As the tragedy of the Grenfell Tower fire of 14 June 2017 has slowly revealed a shadowy background of outsourcing and deregulation, and a council turning a blind eye to health and safety concerns, many questions need answers. Stuart Hodkinson has those answers. Safe as Houses weaves together Stuart’s research over the last decade with residents’ groups in council regeneration projects across London to provide the first comprehensive account of how Grenfell happened and how it could easily have happened in multiple locations across the country. It draws on examples of unsafe housing either refurbished or built by private companies under the Private Finance Initiative (PFI) to show both the terrible human consequences of outsourcing and deregulation and how the PFI has enabled developers, banks and investors to profiteer from highly lucrative, taxpayer-funded contracts. The book also provides shocking testimonies of how councils and other public bodies have continuously sided with their private partners, doing everything in their power to ignore, deflect and even silence those who speak out. The book concludes that the only way to end the era of unsafe regeneration and housing provision is to end the disastrous regime of self-regulation. This means strengthening safety laws, creating new enforcement agencies independent of government and industry, and replacing PFI and similar models of outsourcing with a new model of public housing that treats the provision of shelter as ‘a social service’ democratically accountable to its residents.

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Something rich and strange

Manchester: Something rich and strange challenges us to see the quintessential post-industrial city in new ways. Bringing together twenty-three diverse writers and a wide range of photographs of Greater Manchester, it argues that how we see the city can have a powerful effect on its future – an urgent question given how quickly the urban core is being transformed. The book uses sixty different words to speak about the diversity of what we think of as Manchester – whether the chimneys of its old mills, the cobbles mostly hidden under the tarmac, the passages between terraces, or the everyday act of washing clothes in a laundrette. Unashamedly down to earth in its focus, this book makes the case for a renewed imaginative relationship that recognises and champions the fact that we’re all active in the making and unmaking of urban spaces.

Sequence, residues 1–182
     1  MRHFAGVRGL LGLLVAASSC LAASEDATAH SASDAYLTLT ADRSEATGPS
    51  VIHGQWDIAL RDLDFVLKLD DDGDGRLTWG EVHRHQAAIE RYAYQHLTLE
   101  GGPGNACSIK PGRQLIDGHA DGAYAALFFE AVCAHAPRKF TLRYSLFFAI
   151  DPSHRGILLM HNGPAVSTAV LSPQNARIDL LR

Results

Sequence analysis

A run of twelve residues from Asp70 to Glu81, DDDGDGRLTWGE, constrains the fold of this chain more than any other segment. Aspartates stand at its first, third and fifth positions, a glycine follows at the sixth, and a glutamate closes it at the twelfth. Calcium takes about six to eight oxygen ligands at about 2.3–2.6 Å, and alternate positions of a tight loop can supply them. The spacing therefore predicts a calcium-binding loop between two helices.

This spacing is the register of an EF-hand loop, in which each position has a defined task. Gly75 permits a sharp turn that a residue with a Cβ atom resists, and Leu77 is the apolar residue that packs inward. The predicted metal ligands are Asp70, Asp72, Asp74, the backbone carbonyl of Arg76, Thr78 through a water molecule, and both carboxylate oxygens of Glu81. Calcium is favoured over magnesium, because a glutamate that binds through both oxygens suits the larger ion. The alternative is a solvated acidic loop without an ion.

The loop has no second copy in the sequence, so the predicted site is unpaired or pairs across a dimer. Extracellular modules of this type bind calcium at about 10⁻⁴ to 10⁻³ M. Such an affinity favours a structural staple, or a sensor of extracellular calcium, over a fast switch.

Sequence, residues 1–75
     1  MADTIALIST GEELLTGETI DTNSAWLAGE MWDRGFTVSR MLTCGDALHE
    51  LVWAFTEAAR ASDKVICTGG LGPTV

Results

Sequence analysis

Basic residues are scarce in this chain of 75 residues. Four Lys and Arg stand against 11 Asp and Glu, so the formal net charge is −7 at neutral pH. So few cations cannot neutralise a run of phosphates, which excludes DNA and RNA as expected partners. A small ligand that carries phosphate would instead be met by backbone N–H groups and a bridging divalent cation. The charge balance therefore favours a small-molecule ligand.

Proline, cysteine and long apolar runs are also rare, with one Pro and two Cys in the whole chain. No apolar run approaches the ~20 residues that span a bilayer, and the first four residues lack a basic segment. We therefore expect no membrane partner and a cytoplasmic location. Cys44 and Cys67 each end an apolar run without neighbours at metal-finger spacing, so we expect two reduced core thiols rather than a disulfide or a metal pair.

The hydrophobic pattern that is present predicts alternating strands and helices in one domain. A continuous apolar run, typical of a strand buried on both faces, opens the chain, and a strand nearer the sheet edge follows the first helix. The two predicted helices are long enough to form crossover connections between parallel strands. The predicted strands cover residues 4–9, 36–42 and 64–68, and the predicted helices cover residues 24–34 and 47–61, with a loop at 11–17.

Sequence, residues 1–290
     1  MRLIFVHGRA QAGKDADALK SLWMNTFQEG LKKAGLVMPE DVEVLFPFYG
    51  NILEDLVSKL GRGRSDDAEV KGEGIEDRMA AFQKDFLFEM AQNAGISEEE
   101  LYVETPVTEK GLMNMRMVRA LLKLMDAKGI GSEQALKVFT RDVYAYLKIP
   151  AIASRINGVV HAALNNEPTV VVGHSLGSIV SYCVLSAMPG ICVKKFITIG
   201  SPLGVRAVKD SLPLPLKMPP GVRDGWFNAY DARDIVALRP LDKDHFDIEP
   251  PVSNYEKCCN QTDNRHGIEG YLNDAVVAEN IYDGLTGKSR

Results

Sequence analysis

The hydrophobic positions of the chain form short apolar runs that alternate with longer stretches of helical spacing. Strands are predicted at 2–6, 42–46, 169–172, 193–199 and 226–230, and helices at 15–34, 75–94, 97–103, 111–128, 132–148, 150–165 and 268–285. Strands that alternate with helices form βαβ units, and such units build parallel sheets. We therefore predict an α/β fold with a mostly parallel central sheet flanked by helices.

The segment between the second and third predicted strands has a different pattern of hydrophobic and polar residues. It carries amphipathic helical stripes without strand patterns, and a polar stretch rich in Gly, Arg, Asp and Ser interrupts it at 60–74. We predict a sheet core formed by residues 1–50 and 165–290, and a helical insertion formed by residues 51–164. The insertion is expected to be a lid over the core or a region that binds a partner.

Pragmatism between rationalism and sentimentality 
Robert W. Lake

Insecurity generates the quest for certainty. (John Dewey, 1929 [1988] , 203) Anyone claiming to tell me the absolute truth is demanding from me unquestioning submission. (Gianni Vattimo, 2014 , 77) Indignation is not yet politics. (Graham Harman, 2014 , 31) Introduction Anyone engaged in the pursuit of knowledge confronts daunting challenges posed by incommensurable definitions of truth, the destabilising threat of uncertainty, the lure of dogmatism and authoritarianism, and the seductive power of sentimentality

in The power of pragmatism
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Qaisra Shahraz

Here, immigration is discussed and the negative connotations of the word are drawn into question by dismissing its use as a political weapon to win votes or cause dissent. The chapter examines attitudes to media coverage of immigrants and refugees, and questions what it means to be English.

in Manchester
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Border images and narratives: paradoxes, spheres, aesthetics
Johan Schimanski and Jopi Nyman

this book goes back to work in a previous research project, Border Aesthetics ( 2010 ), and more specifically one chapter in the book that resulted from that project: the chapter addressing the key word ‘in/visibility’, by two of our present contributors, Chiara Brambilla and Holger Pötzsch (2017) . The theme of in/visibility suggests that a central problem of politics and aesthetics in contemporary borderscapes is a contradiction, an ambiguity or a paradox concerning the role of aesthetics in the political sphere. To have agency in democracies is a question of

in Border images, border narratives